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5. Acquisition of TV and radio scripts by the NDL (FY2013)

The NDL had excluded unpublished TV and radio scripts from the scope of acquisition, saying that the NDL collects "publications" to be widely distributed, and those scripts were written in order to produce TV and radio programs and used among only limited people involved.

To accept broadcast scripts, the NDL had to consider how to ensure the public use of the items. Besides, the NDL was also faced with the difficult situation of tight capacity in the closed stacks estimated to be full within a few years. With those points in mind, the NDL finally decided to take over 27,219 volumes of scripts produced in the first period (before 1980) that were in danger of deterioration and whose audio-visual recordings rarely survive. The others were shared among several institutions: the Kawasaki City Museum responsible for the scripts produced after the second period, the NHK Museum of Broadcasting for a part of handwritten scripts, the Tsubouchi Memorial Theatre Museum of Waseda University for dramatic scripts, and the National Film Center of the National Museum of Modern Art, Tokyo, for film-related scripts.


<<TV and radio scripts available in the NDL>>

I would like to express deep gratitude to all of the people who contributed to donating the scripts and making them available to the public.

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Column: How can we use TV and radio scripts in the NDL?

Step 1: Searching

There are two options to check the availability of the script you wish to read in the NDL.

One is to search for the Script Database provided by the Consortium for the Promotion of Broadcast Script Archives. The database offers integrated search for more than 41,800 scripts stored in six institutions5 including the NDL. You can search by title, authors, cast members, holding institutions, and it is possible to refine the result by period and genre. You can find not only scripts produced before 1980 held by the NDL but also a wide range of scripts produced after 1981 including TV, radio, drama, film and animation held by other institutions. Please note that as of October 2014, materials stored in institutions other than the NDL are not yet open to the public and they are not available.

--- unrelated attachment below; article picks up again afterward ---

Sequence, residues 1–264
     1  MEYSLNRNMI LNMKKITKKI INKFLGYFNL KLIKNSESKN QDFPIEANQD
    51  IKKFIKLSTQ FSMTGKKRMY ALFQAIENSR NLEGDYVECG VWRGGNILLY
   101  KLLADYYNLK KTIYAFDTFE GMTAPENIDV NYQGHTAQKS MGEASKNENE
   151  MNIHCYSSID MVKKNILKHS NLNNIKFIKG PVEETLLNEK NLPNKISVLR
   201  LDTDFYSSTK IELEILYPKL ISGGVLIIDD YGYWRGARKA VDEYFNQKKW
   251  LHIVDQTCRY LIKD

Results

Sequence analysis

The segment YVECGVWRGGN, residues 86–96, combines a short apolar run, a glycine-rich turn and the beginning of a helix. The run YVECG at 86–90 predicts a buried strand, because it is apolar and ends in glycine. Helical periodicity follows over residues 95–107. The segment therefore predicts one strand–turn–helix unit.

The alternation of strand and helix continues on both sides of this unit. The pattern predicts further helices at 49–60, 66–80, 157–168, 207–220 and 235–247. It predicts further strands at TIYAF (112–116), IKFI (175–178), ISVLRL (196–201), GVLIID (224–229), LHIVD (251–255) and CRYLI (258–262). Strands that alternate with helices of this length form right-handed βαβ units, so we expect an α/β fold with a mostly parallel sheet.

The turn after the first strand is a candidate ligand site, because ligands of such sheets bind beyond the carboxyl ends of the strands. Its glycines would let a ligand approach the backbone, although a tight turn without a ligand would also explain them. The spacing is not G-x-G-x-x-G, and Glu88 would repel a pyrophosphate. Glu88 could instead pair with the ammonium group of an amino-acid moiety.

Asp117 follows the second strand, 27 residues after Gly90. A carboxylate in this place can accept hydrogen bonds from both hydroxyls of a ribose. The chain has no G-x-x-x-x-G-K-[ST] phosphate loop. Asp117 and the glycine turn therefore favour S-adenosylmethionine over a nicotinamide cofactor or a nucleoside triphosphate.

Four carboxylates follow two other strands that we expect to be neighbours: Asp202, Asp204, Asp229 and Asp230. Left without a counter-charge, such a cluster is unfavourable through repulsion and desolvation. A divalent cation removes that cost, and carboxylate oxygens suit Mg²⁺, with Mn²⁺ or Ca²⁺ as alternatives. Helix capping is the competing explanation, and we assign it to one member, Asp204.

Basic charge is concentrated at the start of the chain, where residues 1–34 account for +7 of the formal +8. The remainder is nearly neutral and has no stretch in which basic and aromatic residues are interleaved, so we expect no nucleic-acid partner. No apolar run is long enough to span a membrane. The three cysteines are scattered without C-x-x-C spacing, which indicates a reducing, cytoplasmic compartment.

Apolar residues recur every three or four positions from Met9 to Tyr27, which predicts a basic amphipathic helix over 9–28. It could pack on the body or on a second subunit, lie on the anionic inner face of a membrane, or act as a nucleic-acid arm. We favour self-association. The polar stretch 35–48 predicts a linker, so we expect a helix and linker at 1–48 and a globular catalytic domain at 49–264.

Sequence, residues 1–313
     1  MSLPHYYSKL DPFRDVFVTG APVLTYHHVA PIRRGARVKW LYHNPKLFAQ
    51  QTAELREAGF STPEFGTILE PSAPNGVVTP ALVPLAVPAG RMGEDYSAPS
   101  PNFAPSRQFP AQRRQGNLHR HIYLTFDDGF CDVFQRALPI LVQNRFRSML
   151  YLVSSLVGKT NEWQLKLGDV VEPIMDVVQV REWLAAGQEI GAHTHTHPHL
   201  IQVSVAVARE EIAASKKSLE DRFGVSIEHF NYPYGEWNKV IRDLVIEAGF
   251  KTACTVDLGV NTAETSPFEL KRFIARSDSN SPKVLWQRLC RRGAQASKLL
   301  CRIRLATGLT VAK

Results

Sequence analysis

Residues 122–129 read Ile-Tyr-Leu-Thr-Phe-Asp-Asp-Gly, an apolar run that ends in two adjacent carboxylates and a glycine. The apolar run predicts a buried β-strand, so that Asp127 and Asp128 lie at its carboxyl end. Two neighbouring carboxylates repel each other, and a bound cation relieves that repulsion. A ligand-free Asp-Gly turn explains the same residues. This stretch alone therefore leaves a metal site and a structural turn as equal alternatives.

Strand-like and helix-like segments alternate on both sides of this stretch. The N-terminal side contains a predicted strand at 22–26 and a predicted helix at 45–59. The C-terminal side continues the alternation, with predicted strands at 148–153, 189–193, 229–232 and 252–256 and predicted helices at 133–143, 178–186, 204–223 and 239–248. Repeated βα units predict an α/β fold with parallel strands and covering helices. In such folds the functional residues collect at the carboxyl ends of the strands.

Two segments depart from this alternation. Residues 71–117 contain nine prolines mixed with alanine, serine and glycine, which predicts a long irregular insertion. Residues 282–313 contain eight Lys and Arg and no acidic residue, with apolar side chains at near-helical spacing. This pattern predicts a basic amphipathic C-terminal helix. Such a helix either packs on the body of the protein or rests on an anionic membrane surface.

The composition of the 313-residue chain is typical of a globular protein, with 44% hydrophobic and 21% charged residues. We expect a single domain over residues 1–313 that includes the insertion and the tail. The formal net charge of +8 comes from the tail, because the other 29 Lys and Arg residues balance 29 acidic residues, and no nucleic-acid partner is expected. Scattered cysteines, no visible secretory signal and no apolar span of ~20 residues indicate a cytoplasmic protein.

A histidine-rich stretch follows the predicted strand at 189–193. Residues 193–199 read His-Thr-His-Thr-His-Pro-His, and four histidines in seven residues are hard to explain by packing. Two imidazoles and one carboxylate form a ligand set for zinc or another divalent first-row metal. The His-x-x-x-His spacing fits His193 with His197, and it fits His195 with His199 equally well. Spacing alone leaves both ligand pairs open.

<Top page of the Script Database>

The other option is to look for the item on the following two lists of TV and radio scripts stored in the NDL available on the RESEARCH NAVI: the title list in order of the kana syllabary in the PDF format and the list of the control number in CSV file.

Step 2: Making a reading request

TV and radio scripts are available in the Audio-Visual Materials Room on the first floor of the Annex building, Tokyo Main Library of the NDL. Bibliographic information of the materials is not available in the NDL-OPAC, so please look for the title and the control number of items you wish to read in the way above, fill out a request form available in the Audio-Visual Materials Room, and submit it at the counter. You can request up to three materials in one request. Like other audio-visual materials, permission is required to use scripts. Permission is limited to research and study purposes only. Please fill out an application form describing the purpose and subject of your research and submit it at the counter along with your reading request.

From the terminals on the premises of the NDL, through the Web Archiving Project (WARP), you can enjoy the digital scripts written by Shin'ichi Ichikawa which were open to the public for limited periods on the website "Ichikawa Shin'ichi no sekai (lit. the World of the script writer Shin'ichi Ichikawa)" produced by the Consortium for the Promotion of Broadcast Script Archives.


<A top page of Ichikawa Shin'ichi no sekai>

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  1. A love romance after the World War II broadcast on the radio from 1952. It soon enjoyed a great deal of popularity. It is considered to be a masterpiece of the Japanese scriptwriter Kazuo KIKUTA.
  2. He was a scriptwriter known for the TV programs produced by Tsuburaya Production's Ultraman Ace (the fifth in the Ultra Series). He worked very hard on archiving TV and radio scripts.
  3. It is one of the 23 special wards of Tokyo and is located in the north east of the prefecture, and surrounded by rivers. The famous Japanese film director Takeshi KITANO is from Adachi City.
  4. "Nihon kyakuhon akaibuzu chosa kenkyu hokokusho 7 (Heisei 23 nendo (Saishuban))" (lit. Final report on research study of TV and radio scripts archives in FY2011) published by Nihon hoso sakka kyokai nihon kyakuhon akaibuzu tokubetsu iinkai (lit. Consortium for the promotion of broadcast script archives in Japan of the Television and Radio Writers' Association of Japan) in March 2012 [NDL call no.: UL587-J20]
  5. The NDL and the following five institutions: Kawasaki City Museum (TV and radio scripts produced after 1980), the National Film Center of National Museum of Modern Art, Tokyo (film-related scripts), Tsubouchi Memorial Theatre Museum of Waseda University (dramatic scripts), NHK Museum of Broadcasting (handwritten materials) and Association of Japanese Animations (Cartoon film-related scripts)

Related article: